AT this time of the year, Pakistan’s rural heartland begins to throb with frenetic activity. The harvesting of each major crop — especially cotton, wheat, and sugarcane — brings to life the entire countryside.
Overloaded tractor trolleys and trucks, choked rural roads, overworked farm workers, packed diesel pumps and weighing stations, crowded market towns, and chugging factories — the entire landscape is abuzz 24/7.
Of all the major crops, for me there is none quite like cotton. Appropriately dubbed the silver fibre, it quite literally holds Pakistan’s economy together. While on its own, it accounts for roughly two per cent of GDP, second only to wheat among the major crops, its importance can be gauged by mapping its linkages with the rest of the economic sectors.
Textiles, fertiliser, pesticides, chemicals, packaging, printing, freight and transport are all, in one way or the other, connected to cotton. On the ‘output’ side, farmer incomes derived from cotton drive the sales of cars, motorcycles, tractors, mobiles, cement, paints and fast-moving consumer goods, among other industries.
In fact, a simple regression of cotton output and real GDP growth shows that nearly half of the growth in Pakistan’s economy in any one year can be explained by the size of this single crop — prompting the label of a ‘mono-crop’ economy in the past.
It also gave birth to the famous ‘rule of thumb’ estimate in the 1990s (by then deputy chairman Planning Commission Qazi Alimullah, if I remember correctly) that each incremental one million bales of cotton would jack up GDP growth for the year by 0.5 per cent.
Cotton is grown on approximately three million hectares, or 7,413,161 acres, (Pakistan being the fourth largest producer). Approximately 1.6 million farmers grow the crop in Pakistan. There are 1,221 ginning factories, 442 textile spinning units, and an estimated 1,184 units engaged in weaving, finishing and dyeing fabric.
All in all, the cotton-supported textile industry of the country accounts for a significant share of employment. Value addition from cotton amounted to approximately Rs365 billion at market prices in 2011-12, which was approximately 25 per cent of the total from all crops grown in the country.
If textiles is the backbone of Pakistan’s economy, and cotton the backbone of textiles, the nerve centre of the cotton-growing sector has to be none other than the extraordinary female cotton-picker, called ‘chunni’ in the vernacular. At the time of sowing, she is in the fields during the searing heat of May. At the time of harvest, she is again diligently going from bush to bush, often with a little kid or two in tow, plucking the fibre for a pittance. The chunni represents the unacknowledged, but very visible, contribution of women to Pakistan’s economic well-being.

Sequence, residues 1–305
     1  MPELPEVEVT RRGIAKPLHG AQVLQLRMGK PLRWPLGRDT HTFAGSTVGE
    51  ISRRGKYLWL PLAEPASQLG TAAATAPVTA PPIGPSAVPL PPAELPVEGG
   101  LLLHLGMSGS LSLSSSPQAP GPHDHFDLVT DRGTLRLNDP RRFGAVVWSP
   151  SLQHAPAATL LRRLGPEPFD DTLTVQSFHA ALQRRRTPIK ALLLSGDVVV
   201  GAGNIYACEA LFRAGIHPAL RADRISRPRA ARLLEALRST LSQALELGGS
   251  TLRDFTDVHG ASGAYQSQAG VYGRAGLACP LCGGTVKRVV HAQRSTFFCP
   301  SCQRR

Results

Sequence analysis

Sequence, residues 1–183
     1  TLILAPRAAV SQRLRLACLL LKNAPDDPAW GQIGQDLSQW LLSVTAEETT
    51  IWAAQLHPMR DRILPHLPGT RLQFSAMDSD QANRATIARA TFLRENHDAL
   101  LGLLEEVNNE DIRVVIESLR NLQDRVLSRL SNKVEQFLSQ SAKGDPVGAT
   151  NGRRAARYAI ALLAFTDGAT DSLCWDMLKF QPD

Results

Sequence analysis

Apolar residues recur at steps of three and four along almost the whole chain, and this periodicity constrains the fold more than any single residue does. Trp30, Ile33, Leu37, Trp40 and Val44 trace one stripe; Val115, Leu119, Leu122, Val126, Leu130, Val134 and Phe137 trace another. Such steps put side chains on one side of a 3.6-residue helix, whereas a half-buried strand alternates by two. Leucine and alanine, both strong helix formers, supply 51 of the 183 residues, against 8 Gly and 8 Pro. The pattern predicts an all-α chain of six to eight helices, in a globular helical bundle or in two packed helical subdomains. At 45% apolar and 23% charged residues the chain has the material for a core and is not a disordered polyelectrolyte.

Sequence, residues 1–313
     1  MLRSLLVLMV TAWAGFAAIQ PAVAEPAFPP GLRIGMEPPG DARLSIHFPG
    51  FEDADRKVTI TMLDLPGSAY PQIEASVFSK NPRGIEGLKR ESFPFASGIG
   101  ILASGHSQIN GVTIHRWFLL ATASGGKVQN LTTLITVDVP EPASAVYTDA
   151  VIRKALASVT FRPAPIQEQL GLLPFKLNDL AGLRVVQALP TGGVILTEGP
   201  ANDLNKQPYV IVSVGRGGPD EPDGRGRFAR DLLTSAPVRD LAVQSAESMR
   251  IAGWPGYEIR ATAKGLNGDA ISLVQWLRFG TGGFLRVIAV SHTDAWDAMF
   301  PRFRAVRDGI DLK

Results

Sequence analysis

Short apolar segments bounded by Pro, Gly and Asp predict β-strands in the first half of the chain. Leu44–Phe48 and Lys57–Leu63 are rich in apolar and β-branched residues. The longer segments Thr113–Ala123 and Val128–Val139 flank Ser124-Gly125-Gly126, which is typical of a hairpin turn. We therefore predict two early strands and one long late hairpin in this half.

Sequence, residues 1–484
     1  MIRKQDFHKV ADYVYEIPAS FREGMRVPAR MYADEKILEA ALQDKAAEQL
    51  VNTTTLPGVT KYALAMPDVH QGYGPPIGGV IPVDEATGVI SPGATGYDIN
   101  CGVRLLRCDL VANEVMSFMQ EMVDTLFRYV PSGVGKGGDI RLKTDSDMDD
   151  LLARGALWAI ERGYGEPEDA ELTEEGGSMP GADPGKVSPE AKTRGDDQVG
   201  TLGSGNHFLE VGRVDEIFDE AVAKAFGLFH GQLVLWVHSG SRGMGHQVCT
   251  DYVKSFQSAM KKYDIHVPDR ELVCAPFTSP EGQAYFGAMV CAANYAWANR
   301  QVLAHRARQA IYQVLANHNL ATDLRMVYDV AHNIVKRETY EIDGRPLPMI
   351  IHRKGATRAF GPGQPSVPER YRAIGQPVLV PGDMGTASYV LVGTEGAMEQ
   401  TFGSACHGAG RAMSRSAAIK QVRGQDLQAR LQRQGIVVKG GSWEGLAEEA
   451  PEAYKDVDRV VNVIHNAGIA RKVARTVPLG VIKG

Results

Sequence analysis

Despite its central importance to the economy, Pakistan’s cotton yield is not very high. Approximately 340kg of cotton is produced for every acre sown, which is significantly lower than in China and India. In the case of India, the introduction of Bt cotton several years ago has led to an exponential growth in the cotton yield and output.
Attempts have been made by Pakistani officials for the past several years to finalise an agreement with Monsanto to introduce Bt cotton. In the interim, many parts of the country, especially in Sindh have begun to use Bt cotton seeds smuggled from India.
Interestingly, the downsides of Bt cotton have ‘allegedly’ come to light in India. According to some Indians I have spoken to, Indian farmers are having to cope with the greater water-intensity of Bt cotton. If true, this could have important ramifications for Pakistani farmers, who are already facing the effects of an intensifying water shortage.
Even the final, monetary ‘yield’ from the crop is low. According to a Ministry of Textiles estimate made a few years ago, for each one million bales of cotton grown, China earns up to four times in export receipts what Pakistan manages. India manages to earn twice as much as Pakistan on this score.
This highlights the fact that Pakistan has failed to extract the same export earnings as its neighbours from cotton, due to its operation in the low-end of the value-addition spectrum. However, overall, textile exports have performed strongly over the past few years, rising to $12.4bn in 2011-12, with significant increases in garments, knitwear, bedwear and home textiles.
For me, there is a personal and very nostalgic association with cotton. Trips that I made several years ago with some of Pakistan’s large spinners to buy cotton are etched in my memory. During one in particular, over two glorious winter days we traversed 700km zigzagging our way from ginner to ginner in Pakistan’s cotton-growing heartland. From Multan, Khanewal, Vehari, Ahmedpur Sharqia to Yazman close to Bahawalpur, we were greeted by the most sumptuous lunches and high teas one can imagine (topped off by halwas made from daal and mooli!).
However, the relative power of the various stakeholders also became clearly visible — the grower usually at the ‘tail end’ of the value chain, at the mercy of the middle-man and the ginner; the spinner, and his agent, exercising significant power especially when there is a bumper crop and the market has turned from a seller’s one to one where the buyer calls the shots.
Bottom of the heap, of course, are those whose toils make it all happen — like the poor chunni.
The writer is a former economic adviser to government, and currently heads a macroeconomic consultancy based in Islamabad.